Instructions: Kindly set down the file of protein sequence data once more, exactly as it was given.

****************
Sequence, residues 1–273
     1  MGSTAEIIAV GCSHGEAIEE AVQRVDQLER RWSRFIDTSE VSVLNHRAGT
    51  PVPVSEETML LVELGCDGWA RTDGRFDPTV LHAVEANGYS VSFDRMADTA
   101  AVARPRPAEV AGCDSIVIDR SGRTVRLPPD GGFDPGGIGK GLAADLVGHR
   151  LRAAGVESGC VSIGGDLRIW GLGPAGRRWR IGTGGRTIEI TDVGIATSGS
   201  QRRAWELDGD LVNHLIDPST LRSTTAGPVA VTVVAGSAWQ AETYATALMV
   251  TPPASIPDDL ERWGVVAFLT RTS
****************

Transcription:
Sequence, residues 1–273
     1  MGSTAEIIAV GCSHGEAIEE AVQRVDQLER RWSRFIDTSE VSVLNHRAGT
    51  PVPVSEETML LVELGCDGWA RTDGRFDPTV LHAVEANGYS VSFDRMADTA
   101  AVARPRPAEV AGCDSIVIDR SGRTVRLPPD GGFDPGGIGK GLAADLVGHR
   151  LRAAGVESGC VSIGGDLRIW GLGPAGRRWR IGTGGRTIEI TDVGIATSGS
   201  QRRAWELDGD LVNHLIDPST LRSTTAGPVA VTVVAGSAWQ AETYATALMV
   251  TPPASIPDDL ERWGVVAFLT RTS